I spent the last week in New Jersey for a work-related conference/training. I got a few recommendations of local New Jersey beers I should look for but didn’t have much luck tracking them down. The main reason was scheduling, I was booked all day and into the evening every day. A group of people from the conference went out at night and I was thoroughly underwhelmed by the beer selection at the two bars we visited, no local beers featured at all. It is still amazing to me that a bar could feature 15 taps and another 25 bottles/cans and not have a single beer brewed in state. Fortunately the trip wasn’t a total loss beer-wise. I made a pit-stop on my way home at Craft Beer Cellar in West Hartford and picked up a bunch of Connecticut beers that aren’t distributed into Massachusetts yet. I considered hitting one of the local breweries, but I don’t have much experience with these beers and thought it would be a more efficient use of time to grab a selection from the bottle shop and get a better handle on what the craft beer scene in CT has to offer. Craft Beer Cellar in West Hartford was also incredibly convenient, it’s an easy stop off on I-84 and I knew they would have the quality and selection I’ve come to expect from the Craft Beer Cellar franchise.
While this blog is devoted to beers from throughout New England, I haven’t reviewed many beers from Connecticut thus far. Some people argue that Connecticut isn’t really New England (they have more Yankees fans than Red Sox fans, which is pretty damning), but it still counts in my book. The main reason for the lack of CT beer reviews is availability in Massachusetts, only a couple of CT breweries distribute into the Boston area. I lived in Connecticut for a couple of years and the local brewing scene was virtually non-existent at the time, but it has exploded in size over the last few years and a number of these small breweries are building strong reputations for quality and innovation. Over the next few weeks I will occasionally break my “rule” of only reviewing beers available in the Boston area as I mix in write-ups of beers from some of the CT breweries shown above. I didn’t grab all of the local beers at CBC, beer is best when it’s fresh and I didn’t want to judge a new brewery based on a beer that sat in my fridge for a month or more. Not to worry, now I have an excuse to make another trip to West Hartford, grab some more beer and maybe even visit a few of the breweries!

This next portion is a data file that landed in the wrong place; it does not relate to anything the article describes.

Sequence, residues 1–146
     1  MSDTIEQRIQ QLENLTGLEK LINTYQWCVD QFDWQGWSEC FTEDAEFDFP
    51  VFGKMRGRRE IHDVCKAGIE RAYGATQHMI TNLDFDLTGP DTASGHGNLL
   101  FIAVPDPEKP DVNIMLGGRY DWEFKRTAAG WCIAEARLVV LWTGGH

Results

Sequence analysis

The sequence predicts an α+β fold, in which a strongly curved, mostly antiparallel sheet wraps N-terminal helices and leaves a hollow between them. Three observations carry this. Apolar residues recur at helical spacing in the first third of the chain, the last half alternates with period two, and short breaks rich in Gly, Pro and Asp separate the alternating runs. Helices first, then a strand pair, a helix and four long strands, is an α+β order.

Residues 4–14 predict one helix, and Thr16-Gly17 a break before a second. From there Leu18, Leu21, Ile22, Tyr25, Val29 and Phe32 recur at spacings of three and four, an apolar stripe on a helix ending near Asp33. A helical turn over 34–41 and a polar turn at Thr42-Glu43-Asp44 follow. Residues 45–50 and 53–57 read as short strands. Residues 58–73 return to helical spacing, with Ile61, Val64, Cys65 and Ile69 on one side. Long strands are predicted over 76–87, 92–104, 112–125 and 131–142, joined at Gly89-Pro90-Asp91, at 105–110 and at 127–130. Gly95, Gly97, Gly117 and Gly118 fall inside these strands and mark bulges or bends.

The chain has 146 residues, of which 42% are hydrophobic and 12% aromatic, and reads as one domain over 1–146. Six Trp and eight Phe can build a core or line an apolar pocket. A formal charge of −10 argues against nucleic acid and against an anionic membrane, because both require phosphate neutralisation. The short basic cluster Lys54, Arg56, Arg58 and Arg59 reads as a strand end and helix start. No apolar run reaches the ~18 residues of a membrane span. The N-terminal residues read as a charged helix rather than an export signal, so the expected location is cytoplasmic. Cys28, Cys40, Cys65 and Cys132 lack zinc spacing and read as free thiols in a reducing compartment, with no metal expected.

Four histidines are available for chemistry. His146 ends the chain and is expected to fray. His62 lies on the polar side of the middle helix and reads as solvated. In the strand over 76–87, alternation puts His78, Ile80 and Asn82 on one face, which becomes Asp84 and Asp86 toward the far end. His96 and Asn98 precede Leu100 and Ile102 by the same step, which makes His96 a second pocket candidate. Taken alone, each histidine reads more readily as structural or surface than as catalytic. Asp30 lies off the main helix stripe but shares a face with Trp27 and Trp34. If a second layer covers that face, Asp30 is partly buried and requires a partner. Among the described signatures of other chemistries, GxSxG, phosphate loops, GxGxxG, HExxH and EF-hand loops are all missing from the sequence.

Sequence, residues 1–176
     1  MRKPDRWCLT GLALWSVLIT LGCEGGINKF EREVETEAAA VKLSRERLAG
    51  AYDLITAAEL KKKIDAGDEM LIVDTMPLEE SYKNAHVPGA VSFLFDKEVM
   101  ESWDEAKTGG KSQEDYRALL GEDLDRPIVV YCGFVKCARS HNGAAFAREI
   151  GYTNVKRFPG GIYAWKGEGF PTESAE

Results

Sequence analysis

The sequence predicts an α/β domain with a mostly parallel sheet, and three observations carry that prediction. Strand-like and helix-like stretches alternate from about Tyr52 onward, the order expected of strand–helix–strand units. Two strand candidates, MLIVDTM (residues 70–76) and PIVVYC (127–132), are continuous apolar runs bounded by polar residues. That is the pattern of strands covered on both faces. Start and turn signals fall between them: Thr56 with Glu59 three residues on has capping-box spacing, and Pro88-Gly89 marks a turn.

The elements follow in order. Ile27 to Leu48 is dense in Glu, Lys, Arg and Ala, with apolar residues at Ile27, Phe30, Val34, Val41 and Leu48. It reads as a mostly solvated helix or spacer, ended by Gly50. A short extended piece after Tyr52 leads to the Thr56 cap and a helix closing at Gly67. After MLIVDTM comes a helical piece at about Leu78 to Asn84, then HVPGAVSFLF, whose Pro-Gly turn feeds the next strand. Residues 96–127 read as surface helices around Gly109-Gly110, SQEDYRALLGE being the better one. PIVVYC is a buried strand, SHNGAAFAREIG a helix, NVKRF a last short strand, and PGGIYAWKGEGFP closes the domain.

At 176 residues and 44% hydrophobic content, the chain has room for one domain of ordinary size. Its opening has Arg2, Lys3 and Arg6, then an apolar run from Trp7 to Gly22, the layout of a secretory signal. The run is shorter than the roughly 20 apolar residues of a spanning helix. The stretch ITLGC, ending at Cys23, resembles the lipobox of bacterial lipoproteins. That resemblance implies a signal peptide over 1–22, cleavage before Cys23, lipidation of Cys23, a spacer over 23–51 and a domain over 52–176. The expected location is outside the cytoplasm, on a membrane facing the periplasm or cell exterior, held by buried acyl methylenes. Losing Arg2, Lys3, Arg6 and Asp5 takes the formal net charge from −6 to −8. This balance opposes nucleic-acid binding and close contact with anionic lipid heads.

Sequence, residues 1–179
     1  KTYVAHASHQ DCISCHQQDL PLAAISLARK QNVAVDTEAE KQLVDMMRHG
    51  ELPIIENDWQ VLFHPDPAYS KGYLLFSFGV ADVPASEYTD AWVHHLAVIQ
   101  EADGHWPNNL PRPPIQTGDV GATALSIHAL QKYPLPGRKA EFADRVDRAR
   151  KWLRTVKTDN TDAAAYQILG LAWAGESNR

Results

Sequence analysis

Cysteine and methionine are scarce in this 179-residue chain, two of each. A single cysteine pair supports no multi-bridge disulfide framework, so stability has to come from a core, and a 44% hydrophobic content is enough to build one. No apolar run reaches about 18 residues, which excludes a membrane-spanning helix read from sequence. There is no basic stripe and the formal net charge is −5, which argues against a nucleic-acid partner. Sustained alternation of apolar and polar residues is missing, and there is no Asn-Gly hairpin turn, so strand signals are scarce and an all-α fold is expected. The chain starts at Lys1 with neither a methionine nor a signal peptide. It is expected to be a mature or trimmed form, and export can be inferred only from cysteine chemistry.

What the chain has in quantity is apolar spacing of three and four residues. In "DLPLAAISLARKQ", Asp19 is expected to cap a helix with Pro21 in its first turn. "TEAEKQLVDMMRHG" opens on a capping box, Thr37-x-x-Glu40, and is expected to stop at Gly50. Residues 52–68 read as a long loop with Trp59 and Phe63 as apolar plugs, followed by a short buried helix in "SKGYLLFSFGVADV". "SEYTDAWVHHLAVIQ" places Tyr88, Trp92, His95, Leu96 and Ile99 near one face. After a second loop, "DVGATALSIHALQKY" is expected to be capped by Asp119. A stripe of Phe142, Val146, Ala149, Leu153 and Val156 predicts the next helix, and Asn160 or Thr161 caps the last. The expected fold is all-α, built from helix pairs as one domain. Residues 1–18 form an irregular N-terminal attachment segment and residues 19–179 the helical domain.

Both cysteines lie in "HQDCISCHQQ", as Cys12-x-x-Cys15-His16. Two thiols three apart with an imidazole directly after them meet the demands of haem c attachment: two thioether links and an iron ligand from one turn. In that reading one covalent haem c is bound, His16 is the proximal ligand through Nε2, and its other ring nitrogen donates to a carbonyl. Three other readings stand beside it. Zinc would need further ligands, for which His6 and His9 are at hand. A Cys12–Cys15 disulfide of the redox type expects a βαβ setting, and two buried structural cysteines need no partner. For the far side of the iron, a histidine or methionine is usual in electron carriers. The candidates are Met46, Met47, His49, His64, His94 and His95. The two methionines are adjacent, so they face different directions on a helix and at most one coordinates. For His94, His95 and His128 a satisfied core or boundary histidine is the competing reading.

Frequent readers of this blog know that I am a huge fan of the Craft Beer Cellar franchise of bottle shops, they have amazing selection, great service and owners/employees who have a passion for beer. My local store is the Newton location, I am pretty sure that the majority of beers reviewed on this blog were purchased at their store in Newton Centre. I was a little distressed when that location closed in January, but was super excited that they decided to open their new location on 14 Austin St. in Newtonville (which is even closer to where I live). The new store had a soft opening yesterday, and of course I was among the first customers. The new store is up and running, it looks like they are still ironing out a few of the details, but it is still the same crew of dedicated Beer Geeks and there is a ton of beer worth picking up. While the new space is considerably smaller (the old space wasn’t financially viable due to the rent per square foot in Newton), they did a great job organizing it and maximizing the selection.
As you can see, I did a pretty solid stock up run. I am especially excited to try the first release from Down The Road Brewery, the new Newton establishment that is officially launching this week (but CBC Newton had some in stock already). Any guesses which brewery will be featured in my next Brewery Overview article? Expect upcoming reviews of many of the beers pictured above, and if you want to weigh in with your own opinions I recommend making the trip to Newtonville, checking out the new store and grabbing some of these beers to try!
Everyone has been wondering why Trillium has been closed for the last couple weeks. JC from Trillium just posted this on a message board on Beer Advocate (HERE). I copied and pasted his message if you don’t feel like scrolling through the thread:
We’d hoped to have resolution before making a statement, but feel like we need to shed some light.
Our 2014 license renewal application was never processed. Nobody was aware of this fact until recently, the timing of which was unfortunate given the holiday. We’ve provided all documentation and complied with every request. We had a hearing today to approve or disapprove our 2014 license. We haven’t received a decision yet.
The reason we haven’t responded to rumors until now is because we honestly didn’t have all the information up front, and didn’t want to fuel any fires. While the issue is pretty simple, it’s also quite serious. Everything is when dealing with the government. We didn’t feel that the situation could benefit from social media and, to be honest, it’s painful enough to live through not to mention continue talking about it every day we’re closed.